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In this post I will show how to build a linear regression model. As an example, for this post, I will evaluate the association between vitamin D and calcium in the blood, given that the variable of interest (i.e., calcium levels) is continuous and the linear regression analysis must be used. I will also construct multivariable-adjusted models to account for confounders.

Let's start loading the packages:

```
library(tidyverse)
library(RNHANES)
library(ggplot2)
```

Variables selected for this analysis include age, sex, plasma levels of vitamin D, and plasma levels of calcium. All variables are assessed from NHANES 2007 to 2010 wave.

`d07 = nhanes_load_data("DEMO_E", "2007-2008") %>% select(SEQN, cycle, RIAGENDR, RIDAGEYR) %>% transmute(SEQN=SEQN, wave=cycle, RIAGENDR, RIDAGEYR) %>% left_join(nhanes_load_data("VID_E", "2007-2008"), by="SEQN") %>% select(SEQN, wave, RIAGENDR, RIDAGEYR, LBXVIDMS) %>% transmute(SEQN, wave, RIAGENDR, RIDAGEYR, vitD=LBXVIDMS) %>% left_join(nhanes_load_data("BIOPRO_E", "2007-2008"), by="SEQN") %>% select(SEQN, wave, RIAGENDR, RIDAGEYR, vitD, LBXSCA) %>% transmute(SEQN, wave, RIAGENDR, RIDAGEYR, vitD, Calcium = LBXSCA) d09 = nhanes_load_data("DEMO_F", "2009-2010") %>% select(SEQN, cycle, RIAGENDR, RIDAGEYR) %>% transmute(SEQN=SEQN, wave=cycle, RIAGENDR, RIDAGEYR) %>% left_join(nhanes_load_data("VID_F", "2009-2010"), by="SEQN") %>% select(SEQN, wave, RIAGENDR, RIDAGEYR, LBXVIDMS) %>% transmute(SEQN, wave, RIAGENDR, RIDAGEYR, vitD=LBXVIDMS) %>% left_join(nhanes_load_data("BIOPRO_F", "2009-2010"), by="SEQN") %>% select(SEQN, wave, RIAGENDR, RIDAGEYR, vitD, LBXSCA) %>% transmute(SEQN, wave, RIAGENDR, RIDAGEYR, vitD, Calcium = LBXSCA) dat = rbind(d07, d09) all = dat %>% # exclude missings filter(!is.na(vitD), !is.na(Calcium)) %>% mutate(Gender = recode_factor(RIAGENDR, `1` = "Males", `2` = "Females")) head(all)`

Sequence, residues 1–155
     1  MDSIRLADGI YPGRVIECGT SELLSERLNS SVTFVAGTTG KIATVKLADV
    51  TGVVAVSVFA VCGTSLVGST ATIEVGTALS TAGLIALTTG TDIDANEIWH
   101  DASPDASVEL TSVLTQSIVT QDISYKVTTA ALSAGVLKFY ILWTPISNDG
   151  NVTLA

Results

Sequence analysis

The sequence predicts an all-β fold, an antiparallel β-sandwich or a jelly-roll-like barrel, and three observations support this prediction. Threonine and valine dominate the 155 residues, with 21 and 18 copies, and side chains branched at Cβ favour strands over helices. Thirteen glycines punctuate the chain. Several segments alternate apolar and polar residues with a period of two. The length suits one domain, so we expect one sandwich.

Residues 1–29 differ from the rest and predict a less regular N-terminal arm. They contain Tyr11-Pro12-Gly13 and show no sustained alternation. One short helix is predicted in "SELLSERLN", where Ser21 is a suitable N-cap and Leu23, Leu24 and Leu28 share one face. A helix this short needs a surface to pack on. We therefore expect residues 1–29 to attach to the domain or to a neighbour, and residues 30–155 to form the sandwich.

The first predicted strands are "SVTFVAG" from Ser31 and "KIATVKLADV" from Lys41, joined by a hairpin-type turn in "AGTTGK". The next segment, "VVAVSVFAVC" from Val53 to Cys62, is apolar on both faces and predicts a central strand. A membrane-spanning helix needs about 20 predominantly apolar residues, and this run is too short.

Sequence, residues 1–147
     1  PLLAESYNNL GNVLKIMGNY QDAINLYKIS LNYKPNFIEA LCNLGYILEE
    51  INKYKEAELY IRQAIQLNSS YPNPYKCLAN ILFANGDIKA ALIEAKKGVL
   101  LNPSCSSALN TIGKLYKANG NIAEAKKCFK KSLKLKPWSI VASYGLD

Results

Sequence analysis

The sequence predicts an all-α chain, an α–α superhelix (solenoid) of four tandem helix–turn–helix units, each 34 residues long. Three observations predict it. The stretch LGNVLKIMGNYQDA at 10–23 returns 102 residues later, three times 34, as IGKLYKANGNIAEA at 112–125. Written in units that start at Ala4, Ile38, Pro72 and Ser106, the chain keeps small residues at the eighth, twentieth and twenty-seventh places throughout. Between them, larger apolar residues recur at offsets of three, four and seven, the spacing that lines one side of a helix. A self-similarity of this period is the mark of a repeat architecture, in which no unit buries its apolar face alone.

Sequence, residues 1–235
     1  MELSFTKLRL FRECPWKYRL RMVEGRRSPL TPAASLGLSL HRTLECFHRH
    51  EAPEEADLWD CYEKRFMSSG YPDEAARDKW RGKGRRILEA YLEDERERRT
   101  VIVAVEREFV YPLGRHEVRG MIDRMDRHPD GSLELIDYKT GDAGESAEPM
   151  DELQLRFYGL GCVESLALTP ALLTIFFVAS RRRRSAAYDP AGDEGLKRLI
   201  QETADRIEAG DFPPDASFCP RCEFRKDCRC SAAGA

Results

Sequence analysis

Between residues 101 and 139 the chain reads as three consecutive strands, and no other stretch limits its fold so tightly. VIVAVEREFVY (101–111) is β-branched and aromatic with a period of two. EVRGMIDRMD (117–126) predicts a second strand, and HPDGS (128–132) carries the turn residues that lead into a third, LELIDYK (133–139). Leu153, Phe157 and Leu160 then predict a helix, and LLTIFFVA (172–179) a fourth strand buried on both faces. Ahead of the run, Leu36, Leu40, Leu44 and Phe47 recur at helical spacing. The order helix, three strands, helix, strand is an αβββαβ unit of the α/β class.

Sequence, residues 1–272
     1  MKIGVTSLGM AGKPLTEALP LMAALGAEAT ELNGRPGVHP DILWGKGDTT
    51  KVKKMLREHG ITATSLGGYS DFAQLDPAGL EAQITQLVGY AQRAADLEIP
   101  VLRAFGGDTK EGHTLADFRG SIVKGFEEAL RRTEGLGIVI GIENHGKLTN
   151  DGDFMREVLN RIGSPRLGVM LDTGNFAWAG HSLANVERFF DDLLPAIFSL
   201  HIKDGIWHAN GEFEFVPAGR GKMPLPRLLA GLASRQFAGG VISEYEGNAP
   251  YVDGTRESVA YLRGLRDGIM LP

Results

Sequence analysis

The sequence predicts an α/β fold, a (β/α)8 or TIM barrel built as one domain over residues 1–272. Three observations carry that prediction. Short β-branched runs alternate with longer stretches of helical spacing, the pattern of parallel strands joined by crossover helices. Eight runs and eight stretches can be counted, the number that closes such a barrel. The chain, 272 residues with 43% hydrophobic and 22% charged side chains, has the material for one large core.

## SEQN wave RIAGENDR RIDAGEYR vitD Calcium Gender ## 1 41475 2007-2008 2 62 58.8 9.5 Females ## 2 41477 2007-2008 1 71 81.8 10.0 Males ## 3 41479 2007-2008 1 52 78.4 9.0 Males ## 4 41482 2007-2008 1 64 61.9 9.1 Males ## 5 41483 2007-2008 1 66 53.3 8.9 Males ## 6 41485 2007-2008 2 30 39.1 9.3 Females

The dataset is complete. Before running the regression analysis, the linear model, I will check the assumption, that the distribution of the dependent variable (levels of calcium) is normal.

Distribution of calcium level:

```
ggplot(data = all) +
geom_histogram(aes(Calcium), binwidth = 0.2)
```

It is a normal distribution.

Note: If the distribution is not normal, the dependant variable should be log transform by using `log(Calcium)`